Kate provides treatment for conditions such as urinary incontinence or poor bladder control, bowel incontinence or constipation, over-active bladder, pregnancy and post-natal care, vaginal prolapse, painful sex and pelvic pain.

She is also experienced in men’s bladder dysfunction following prostate and urinary surgery.

Kate believes a holistic approach is required to treat pelvic floor and the associated dysfunctions.

Her pelvic floor sessions often include treatment such as body massage, dry needling, mobilisations, strengthening and stretching.


What is a pelvic floor physiotherapist?

A pelvic floor physiotherapist is a physiotherapist that has undergone specialised training to access both the external and internal structures of the pelvic floor.

What can I expect from my first consultation with a pelvic floor physiotherapist?

During your first consultation you can except a thorough assessment. You will discuss your problem, go through the history of the presenting condition and what you hope to achieve through your sessions.

This will be followed by an objective exam – If you have booked in for a pelvic floor appointment then this could involve either ultrasound (men) or an internal examination (women).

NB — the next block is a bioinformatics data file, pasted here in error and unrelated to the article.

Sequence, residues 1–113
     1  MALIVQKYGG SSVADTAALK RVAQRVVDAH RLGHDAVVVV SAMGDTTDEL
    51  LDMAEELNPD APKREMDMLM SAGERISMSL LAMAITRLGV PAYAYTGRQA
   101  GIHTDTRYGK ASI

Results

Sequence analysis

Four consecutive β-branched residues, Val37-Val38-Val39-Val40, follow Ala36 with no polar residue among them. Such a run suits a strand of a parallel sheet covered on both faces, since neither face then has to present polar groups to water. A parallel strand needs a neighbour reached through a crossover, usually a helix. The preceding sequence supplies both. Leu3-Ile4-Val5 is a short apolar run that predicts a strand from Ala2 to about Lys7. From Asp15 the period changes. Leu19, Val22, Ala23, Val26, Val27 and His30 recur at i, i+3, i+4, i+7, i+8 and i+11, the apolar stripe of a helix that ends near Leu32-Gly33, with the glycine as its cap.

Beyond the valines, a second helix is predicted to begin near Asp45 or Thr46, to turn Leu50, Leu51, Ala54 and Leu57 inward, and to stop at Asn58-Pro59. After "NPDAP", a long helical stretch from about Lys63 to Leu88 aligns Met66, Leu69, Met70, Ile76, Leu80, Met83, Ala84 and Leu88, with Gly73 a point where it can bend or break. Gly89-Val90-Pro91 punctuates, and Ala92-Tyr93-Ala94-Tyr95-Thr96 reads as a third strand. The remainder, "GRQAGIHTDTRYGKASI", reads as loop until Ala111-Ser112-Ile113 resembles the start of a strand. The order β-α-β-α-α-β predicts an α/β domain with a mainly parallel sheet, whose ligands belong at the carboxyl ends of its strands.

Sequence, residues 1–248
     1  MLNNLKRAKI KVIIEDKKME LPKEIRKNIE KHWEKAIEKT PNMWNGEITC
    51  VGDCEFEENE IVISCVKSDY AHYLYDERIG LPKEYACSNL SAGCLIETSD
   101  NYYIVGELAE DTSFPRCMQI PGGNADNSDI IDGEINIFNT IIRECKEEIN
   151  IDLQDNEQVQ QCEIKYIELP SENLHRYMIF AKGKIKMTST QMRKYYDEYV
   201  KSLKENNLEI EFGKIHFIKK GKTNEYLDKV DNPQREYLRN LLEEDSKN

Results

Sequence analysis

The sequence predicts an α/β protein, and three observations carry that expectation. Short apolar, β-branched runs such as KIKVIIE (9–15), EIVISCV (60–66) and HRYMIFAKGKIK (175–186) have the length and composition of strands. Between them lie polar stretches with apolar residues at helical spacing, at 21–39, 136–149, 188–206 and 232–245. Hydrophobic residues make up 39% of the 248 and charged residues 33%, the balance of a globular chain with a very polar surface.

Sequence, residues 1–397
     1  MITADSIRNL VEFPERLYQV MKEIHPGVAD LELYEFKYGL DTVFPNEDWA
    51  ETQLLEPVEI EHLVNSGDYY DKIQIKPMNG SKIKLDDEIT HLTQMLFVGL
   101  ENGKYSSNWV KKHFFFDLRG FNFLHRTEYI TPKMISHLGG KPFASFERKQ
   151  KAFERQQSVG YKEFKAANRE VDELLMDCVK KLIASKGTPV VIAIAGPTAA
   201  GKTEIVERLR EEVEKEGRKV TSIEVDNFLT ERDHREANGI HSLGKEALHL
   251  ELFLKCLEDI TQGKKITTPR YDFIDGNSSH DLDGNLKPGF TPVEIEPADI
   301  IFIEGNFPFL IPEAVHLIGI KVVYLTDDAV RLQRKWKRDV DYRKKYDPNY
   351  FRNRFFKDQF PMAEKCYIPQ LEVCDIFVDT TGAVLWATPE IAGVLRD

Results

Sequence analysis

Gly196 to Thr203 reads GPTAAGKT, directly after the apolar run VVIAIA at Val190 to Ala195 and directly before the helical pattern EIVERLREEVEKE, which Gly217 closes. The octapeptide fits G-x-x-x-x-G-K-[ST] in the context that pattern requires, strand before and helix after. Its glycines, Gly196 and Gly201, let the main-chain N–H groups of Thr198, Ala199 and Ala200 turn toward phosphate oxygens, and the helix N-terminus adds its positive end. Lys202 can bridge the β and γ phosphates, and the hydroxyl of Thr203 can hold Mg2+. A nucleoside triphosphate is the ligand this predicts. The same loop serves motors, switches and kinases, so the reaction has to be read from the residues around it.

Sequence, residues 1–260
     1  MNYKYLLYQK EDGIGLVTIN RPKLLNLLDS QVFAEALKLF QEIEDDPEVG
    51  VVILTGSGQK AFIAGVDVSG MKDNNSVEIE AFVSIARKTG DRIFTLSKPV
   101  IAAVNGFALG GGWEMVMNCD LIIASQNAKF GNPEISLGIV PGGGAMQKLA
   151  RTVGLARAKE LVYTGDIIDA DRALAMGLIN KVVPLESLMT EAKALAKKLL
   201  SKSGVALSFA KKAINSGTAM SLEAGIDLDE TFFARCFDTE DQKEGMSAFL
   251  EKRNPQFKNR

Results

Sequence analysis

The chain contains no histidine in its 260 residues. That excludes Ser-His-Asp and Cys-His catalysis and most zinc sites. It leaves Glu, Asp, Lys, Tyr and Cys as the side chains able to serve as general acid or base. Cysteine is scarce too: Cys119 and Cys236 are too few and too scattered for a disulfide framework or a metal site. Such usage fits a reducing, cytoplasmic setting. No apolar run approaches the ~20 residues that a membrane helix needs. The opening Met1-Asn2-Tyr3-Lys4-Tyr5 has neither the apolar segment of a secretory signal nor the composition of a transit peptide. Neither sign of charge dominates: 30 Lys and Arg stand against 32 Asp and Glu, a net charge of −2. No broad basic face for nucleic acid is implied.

Don’t fear, this is a pain-free examination with your comfort and safety made paramount.

Following this, you will being treatment! This may include massage, mobilisation, strengthening exercises, relaxation exercises, pessary fitting, bladder training etc

You will work with your pelvic floor physiotherapist in creating a management.

What symptoms can a pelvic floor physiotherapist treat?

  • Having difficulty starting to urinate or emptying the bladder completely
  • Leaking urine when coughing, laughing or exercising
  • Feeling an urgent or frequent need to urinate
  • Feeling pain while urinating
  • Experiencing constipation
  • Having difficulty making it to the bathroom in time
  • Feeling a heaviness, fullness, pulling or aching in the vagina that persist throughout the day
  • Seeing or feeling discomfort or a bulge of the vagina

Can men also see a pelvic floor physiotherapist?

Absolutely! Men also experience pelvic floor pain, incontinence, urgency/frequency and constipation.

Urinary incontinence post prostrate cancer surgery is one of the most common conditions in men.

We utilise the real time ultrasound machine to provide biofeedback to make sure the correct exercises are being performed.